Avantium is a forerunner in renewable chemistry and develops and commercializes biobased plastics, chemicals, and fuels. As from March 2017, the Amsterdam based company is listed on the Euronext stock exchange where its initial public offering brought in over EUR 100 million. A biorefinery reference plant is planned in Delfzijl, which uses their own Zambezi process to produce glucose from cellulose, mixed sugars from hemi-cellulose and lignin. ‘We have created a sizeable portfolio of new technologies in green chemistry.’
Avantium is a spin-out from Shell research which focused on catalysis. Some ten years ago, the company started to expand into other fields as well. There are now three business units: Catalysis (building on and branching out from the Shell inheritance), Renewable Chemistries and the YXY technology for producing PEF (polyethylene Furanoate) from glucose.
‘Our mission is to develop or improve chemical processes and scale them up from lab conditions’, explains Noud Tillemans, Director Finance & Funding at Avantium. ‘Over the last fifteen years, we have created a sizeable portfolio of new technologies in green chemistry.’ The YXY technology used to produce plastics from glucose caught a lot of attention recently, but there is more to Avantium.
The Zambezi process was developed from the Bergius process, dating back over a hundred years. Tillemans: ‘We can now efficiently produce glucose and lignin from second generation biomass. This is real biorefinery, breaking down plant waste into different fractions.’ Glucose is a basic building block in many chemical processes, lignin has a much higher energy content than wood and is well suited to use as fuel in energy plants.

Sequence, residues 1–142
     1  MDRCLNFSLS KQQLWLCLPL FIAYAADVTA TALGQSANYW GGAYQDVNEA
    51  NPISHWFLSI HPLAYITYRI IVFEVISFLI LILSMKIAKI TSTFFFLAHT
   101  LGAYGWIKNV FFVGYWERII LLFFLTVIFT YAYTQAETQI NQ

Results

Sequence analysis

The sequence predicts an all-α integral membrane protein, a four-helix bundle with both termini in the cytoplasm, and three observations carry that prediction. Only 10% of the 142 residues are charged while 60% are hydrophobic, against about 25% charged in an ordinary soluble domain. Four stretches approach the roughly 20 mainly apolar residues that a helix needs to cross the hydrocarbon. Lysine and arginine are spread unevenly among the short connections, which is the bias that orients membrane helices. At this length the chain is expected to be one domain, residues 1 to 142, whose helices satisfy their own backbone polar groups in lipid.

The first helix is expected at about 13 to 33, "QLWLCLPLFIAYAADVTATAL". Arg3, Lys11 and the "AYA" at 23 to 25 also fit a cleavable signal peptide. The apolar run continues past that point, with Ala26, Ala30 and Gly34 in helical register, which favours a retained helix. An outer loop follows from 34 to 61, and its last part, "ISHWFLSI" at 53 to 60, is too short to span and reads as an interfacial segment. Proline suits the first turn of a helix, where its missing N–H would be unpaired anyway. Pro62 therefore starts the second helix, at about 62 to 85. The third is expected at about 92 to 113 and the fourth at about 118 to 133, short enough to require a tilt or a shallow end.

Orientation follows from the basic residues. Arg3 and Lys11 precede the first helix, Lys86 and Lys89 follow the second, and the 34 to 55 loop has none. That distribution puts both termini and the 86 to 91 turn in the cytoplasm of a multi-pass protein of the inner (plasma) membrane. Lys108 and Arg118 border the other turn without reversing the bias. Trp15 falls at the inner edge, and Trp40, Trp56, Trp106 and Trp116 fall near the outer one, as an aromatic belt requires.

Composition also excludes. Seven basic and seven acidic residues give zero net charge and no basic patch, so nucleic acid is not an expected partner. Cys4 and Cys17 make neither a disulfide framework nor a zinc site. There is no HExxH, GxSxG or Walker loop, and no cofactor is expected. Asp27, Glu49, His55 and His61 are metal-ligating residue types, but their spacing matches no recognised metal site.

For their YXY technology, Avantium is partnering with chemical company BASF to build a reference plant in Antwerp. ‘We are very good at developing chemical technologies, but building large factories is something different.’ For the Zambezi biorefinery reference plant, Avantium partners with AkzoNobel, Chemport Europe, RWE and Staatsbosbeheer (who will provide biomass from forestry residue). This consortium develops a plant in Delfzijl to initially processover 100 kiloton of woodchips per annum and is built in such a way that the capacity can easily be increased. The project will start with a smaller pilot plant, either in Delfzijl or in Geleen, where Avantium already has facilities.
By branching out to the North of the Netherlands, Avantium is entering the ‘heartland’ of the CCC. Their focus on renewable chemistry also is in line with the CCC CarboBased research program. Even though Avantium has not yet participated in CCC programs, their portfolio shows the importance and relevance of carbohydrates in green chemistry.